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Soil Erosion: Effects, Parts and Types

Grade 10
Aug 24, 2022

System Interactions – Soil Erosion  


Soil is a natural resource. Soil is Earth’s delicate part that holds all life present on Earth. It consists of many species that helps to create a dynamic ecosystem. It is one of the very important resources of a human being. Topsoil is closest to the surface of the land. Soil consists of very useful nutrients for the proper growth of crops. The soil layer can be lost or reduced by wind erosion and water erosion. Soil erosion reduces soil fertility which has a negative effect on crop production. Soil erosion sends soil-filled water downstream, which can create thick layers of sediments that stop the smooth flow of streams and rivers, and ultimately it leads to flooding.   

Erosion is a physical process in which soil, rock, and other surface materials are removed from one place and transported to another place. 

1: Erosion 

Effects of soil erosion 

Soil erosion is a natural process. In the process of soil erosion, topsoil – the uppermost layer of the ground moves from one place to another. Topsoil is the fertile soil with the highest content of organic matter and is suitable for farming and other fertile activities. Due to this, soil erosion has a great impact on agricultural land and farmers.  

Erosion lowers the quality of land, so it can support fewer plants that can take in climate-warming carbon dioxide. Soil erosion not only reduces the fertility of the soil but it also causes pollution and sedimentation in rivers and streams and blocks the waterways. This causes a reduction in fish population and other species. Eroded land is often less able to hold water which can make the floods situation worst. Sustainable use of land can help to decrease the impact of agriculture and livestock by preventing soil degradation, soil erosion and loss of precious land.  

Topsoil gets exposed when farming activities are carried out and is usually blown away by wind or washed away by rain. When soil erosion takes place, the movement of the loose topsoil is typically done by either a natural process – such as by the movement of wind or water or by the human impact through tilling farmland.   


There are three parts to the process of soil erosion:  

  1. Detachment: In the process of detachment, the topsoil is actually “detached” from the rest of the ground.  
  1. Movement: It is the movement of topsoil from one place to another.  
  1. Deposition: Settling or deposition of topsoil.  

Mainly water and wind are the agents of soil erosion. Sometimes soil erosion is a slow process that remains unnoticed, or it may take place at a faster rate causing severe loss of the topsoil layer. The loss of soil from agricultural land affects reduced crop production, low water quality and damaged drainage networks.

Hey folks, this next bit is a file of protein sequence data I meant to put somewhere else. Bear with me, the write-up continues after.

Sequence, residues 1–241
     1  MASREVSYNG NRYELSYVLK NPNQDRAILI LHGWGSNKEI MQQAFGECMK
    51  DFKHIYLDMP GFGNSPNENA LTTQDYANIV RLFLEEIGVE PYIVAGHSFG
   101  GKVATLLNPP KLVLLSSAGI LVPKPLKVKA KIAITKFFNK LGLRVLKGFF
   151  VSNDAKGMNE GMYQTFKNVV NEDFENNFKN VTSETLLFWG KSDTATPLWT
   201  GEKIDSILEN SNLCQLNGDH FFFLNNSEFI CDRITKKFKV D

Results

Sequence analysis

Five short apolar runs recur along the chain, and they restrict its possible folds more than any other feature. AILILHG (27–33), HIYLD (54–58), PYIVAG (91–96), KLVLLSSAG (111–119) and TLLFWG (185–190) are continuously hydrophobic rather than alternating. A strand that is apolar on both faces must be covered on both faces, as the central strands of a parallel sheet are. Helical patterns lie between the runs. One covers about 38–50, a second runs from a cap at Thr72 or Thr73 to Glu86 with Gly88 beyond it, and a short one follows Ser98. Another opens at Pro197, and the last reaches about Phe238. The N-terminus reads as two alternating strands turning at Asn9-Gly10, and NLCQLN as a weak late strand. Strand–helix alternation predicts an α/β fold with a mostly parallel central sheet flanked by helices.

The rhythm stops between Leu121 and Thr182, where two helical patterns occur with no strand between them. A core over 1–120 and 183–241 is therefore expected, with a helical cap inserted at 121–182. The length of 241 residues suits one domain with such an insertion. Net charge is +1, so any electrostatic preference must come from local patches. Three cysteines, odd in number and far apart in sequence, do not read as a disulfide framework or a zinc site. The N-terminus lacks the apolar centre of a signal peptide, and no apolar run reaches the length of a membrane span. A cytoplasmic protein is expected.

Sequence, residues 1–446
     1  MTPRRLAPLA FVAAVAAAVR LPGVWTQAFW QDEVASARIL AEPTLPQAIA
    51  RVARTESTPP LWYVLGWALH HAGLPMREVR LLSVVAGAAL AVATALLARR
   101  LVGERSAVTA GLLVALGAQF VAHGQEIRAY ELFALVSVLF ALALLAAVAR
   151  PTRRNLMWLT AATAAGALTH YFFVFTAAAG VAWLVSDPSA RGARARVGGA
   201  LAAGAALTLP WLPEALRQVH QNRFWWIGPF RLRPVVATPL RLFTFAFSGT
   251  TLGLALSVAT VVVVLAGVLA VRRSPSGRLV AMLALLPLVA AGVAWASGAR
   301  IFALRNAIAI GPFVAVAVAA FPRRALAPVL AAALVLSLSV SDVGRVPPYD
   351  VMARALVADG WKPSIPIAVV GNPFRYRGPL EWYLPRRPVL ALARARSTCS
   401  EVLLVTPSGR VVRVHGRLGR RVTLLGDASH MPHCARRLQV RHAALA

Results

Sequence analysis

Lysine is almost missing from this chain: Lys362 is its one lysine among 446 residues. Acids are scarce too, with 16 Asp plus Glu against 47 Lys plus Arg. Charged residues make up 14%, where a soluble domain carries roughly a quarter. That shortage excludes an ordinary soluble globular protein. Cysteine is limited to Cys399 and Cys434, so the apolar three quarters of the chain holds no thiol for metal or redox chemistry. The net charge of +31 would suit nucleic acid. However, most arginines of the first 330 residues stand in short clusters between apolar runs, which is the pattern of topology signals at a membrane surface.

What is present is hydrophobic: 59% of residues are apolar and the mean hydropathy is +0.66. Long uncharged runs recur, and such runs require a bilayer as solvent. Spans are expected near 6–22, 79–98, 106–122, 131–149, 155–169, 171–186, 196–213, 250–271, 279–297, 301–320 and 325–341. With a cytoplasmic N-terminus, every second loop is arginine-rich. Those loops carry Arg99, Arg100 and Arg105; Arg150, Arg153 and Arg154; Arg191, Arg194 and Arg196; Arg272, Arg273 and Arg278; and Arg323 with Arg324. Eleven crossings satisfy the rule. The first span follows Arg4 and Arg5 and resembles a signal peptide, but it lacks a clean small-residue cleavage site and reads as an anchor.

Soil erosion by water 
 Wind Erosion 

The gradual reduction of soil erosion of topsoil in a geographic area can be caused by both natural and unnatural processes. It has a great effect on the inhabitants of an affected area. Soil erosion leads to water pollution in the nearby water sources and also affects crop productivity. The main crops that cause soil erosion very badly are coffee, tea, palm oil, soybean and wheat. 

Types of soil erosion 

Sheet Erosion: 

Sheet erosion occurs when heavy rain or runoff crosses a shallow surface and allow enough water to gather to drag the loosened soil particles from surfaces and sweep them away. 

 Sheet erosion 

Rill Erosion: 

Rill erosion leaves the ground marked with parallel lines of small, clear-cut channels. As water continues to move through these clear-cut channels, it starts to erode the nearby soil. Generally shallow rills can be removed by tilling, but if they’re left as, it is, they can form gullies. 

Rill Erosion 

Gully Erosion: 

If rills formed by rill erosion aren’t managed, the erosion will continue. The narrow strips of rills will be swept away, leaving one big scar behind. A gully erosion forms a channel that is too deep to be removed with normal tillage methods. 

 Gully Erosion 

Wind Erosion: 

Wind erosion plays a main role in dry and semi-dry areas. This results in crop damage, desertification and land degradation. 

Wind Erosion 

Splash Erosion: 

When raindrops fall on the soil splash erosion occurs. By splash erosion, soil break into small particles and it can be easily run off when wind or water goes into it.   

 Splash Erosion 

The hydrologic processes of rainfall and runoff play an important part in water erosion. The amount of runoff and rate of surface runoff can greatly affect erosion and transportation of sediments. 


  • It consists of many species that helps to create a dynamic ecosystem.
  • Soil consists of very useful nutrients for the proper growth of crops.
  • Erosion lowers the quality of the land.
  • In the process of soil erosion, topsoil moves from one place to another.
  • Water and wind are the agents of soil erosion.
  • Soil erosion reduces the fertility of the soil and also causes pollution and sedimentation in rivers and streams and blocks the waterways.
  • There are four types of erosions – Sheet erosion, Rill erosion, Gully erosion, Wind erosion, and Splash erosion.


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